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push

Upload tracked files or directories to remote storage based on the current dvc.yaml and .dvc files.

Synopsis

usage: dvc push [-h] [-q | -v] [-j <number>] [-r <name>] [-a] [-T]
                [--all-commits] [-d] [-R] [--run-cache]
                [targets [targets ...]]

positional arguments:
  targets       Limit command scope to these tracked files/directories,
                .dvc files, or stage names.

Description

The dvc push and dvc pull commands are the means for uploading and downloading data to and from remote storage (S3, SSH, GCS, etc.). These commands are similar to git push and git pull, respectively. Data sharing across environments, and preserving data versions (input datasets, intermediate results, models, metrics, etc.) remotely are the most common use cases for these commands.

dvc push uploads data from the cache to remote storage.

Note that pushing data does not affect code, dvc.yaml, or .dvc files. Those should be uploaded with git push.

The default remote is used (see dvc remote default) unless the --remote option is used. See dvc remote for more information on how to configure a remote.

Without arguments, it uploads all files and directories missing from remote storage, found as outputs of the stages or .dvc files present in the workspace. The --all-branches, --all-tags, and --all-commits options enable pushing multiple Git commits.

The targets given to this command (if any) limit what to push. It accepts paths to tracked files or directories (including paths inside tracked directories), .dvc files, and stage names (found in dvc.yaml).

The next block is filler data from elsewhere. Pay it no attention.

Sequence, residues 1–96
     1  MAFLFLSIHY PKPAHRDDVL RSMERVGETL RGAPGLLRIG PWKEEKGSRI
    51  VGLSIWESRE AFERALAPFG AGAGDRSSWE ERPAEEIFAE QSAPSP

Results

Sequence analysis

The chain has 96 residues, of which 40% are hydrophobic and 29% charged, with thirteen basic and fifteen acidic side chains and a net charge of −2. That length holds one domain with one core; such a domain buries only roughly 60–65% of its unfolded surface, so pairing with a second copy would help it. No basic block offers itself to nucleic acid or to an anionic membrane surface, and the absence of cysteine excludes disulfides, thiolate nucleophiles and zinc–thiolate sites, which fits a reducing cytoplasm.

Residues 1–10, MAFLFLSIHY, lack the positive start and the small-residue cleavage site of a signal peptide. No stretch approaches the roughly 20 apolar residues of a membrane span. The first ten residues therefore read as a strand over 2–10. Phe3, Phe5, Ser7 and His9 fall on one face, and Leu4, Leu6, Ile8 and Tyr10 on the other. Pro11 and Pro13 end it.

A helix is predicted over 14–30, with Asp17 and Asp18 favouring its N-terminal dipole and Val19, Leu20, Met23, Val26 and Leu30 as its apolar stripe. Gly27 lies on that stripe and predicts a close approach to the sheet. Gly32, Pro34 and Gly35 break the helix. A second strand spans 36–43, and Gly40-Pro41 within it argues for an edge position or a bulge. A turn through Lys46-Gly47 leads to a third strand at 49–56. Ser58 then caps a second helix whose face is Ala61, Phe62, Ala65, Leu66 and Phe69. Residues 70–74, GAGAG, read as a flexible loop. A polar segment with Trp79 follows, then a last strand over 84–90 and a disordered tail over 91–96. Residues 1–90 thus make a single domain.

๐Ÿ’ก For convenience, a Git hook is available to automate running dvc push after git push. See dvc install for more details.

For all outputs referenced in each target, DVC finds the corresponding files and directories in the cache (identified by hash values saved in dvc.lock and .dvc files). DVC then gathers a list of files missing from the remote storage, and uploads them.

Note that the dvc status -c command can list files tracked by DVC that are new in the cache (compared to the default remote.) It can be used to see what files dvc push would upload.

Options

  • -a, --all-branches - determines the files to upload by examining dvc.yaml and .dvc files in all Git branches instead of just those present in the current workspace. It's useful if branches are used to track experiments or project checkpoints. Note that this can be combined with -T below, for example using the -aT flag.
  • -T, --all-tags - same as -a above, but applies to Git tags as well as the workspace. Useful if tags are used to track "checkpoints" of an experiment or project. Note that both options can be combined, for example using the -aT flag.
  • --all-commits - same as -a or -T above, but applies to all Git
    commits as well as the workspace. Useful for uploading all the data used in the entire existing commit history of the project.
  • -d, --with-deps - determines files to upload by tracking dependencies to the targets. If none are provided, this option is ignored. By traversing all stage dependencies, DVC searches backward from the target stages in the corresponding pipelines. This means DVC will not push files referenced in later stages than the targets.
  • -R, --recursive - determines the files to push by searching each target directory and its subdirectories for dvc.yaml and .dvc files to inspect. If there are no directories among the targets, this option is ignored.
  • -r <name>, --remote <name> - name of the remote storage to push from (see dvc remote list).
  • --run-cache - uploads all available history of stage runs to the remote repository.
  • -j <number>, --jobs <number> - parallelism level for DVC to upload data from remote storage. This only applies when the --cloud option is used, or a --remote is given. The default value is 4 * cpu_count(). For SSH remotes, the default is 4. Using more jobs may improve the overall transfer speed.
  • -h, --help - prints the usage/help message, and exit.
  • -q, --quiet - do not write anything to standard output. Exit with 0 if no problems arise, otherwise 1.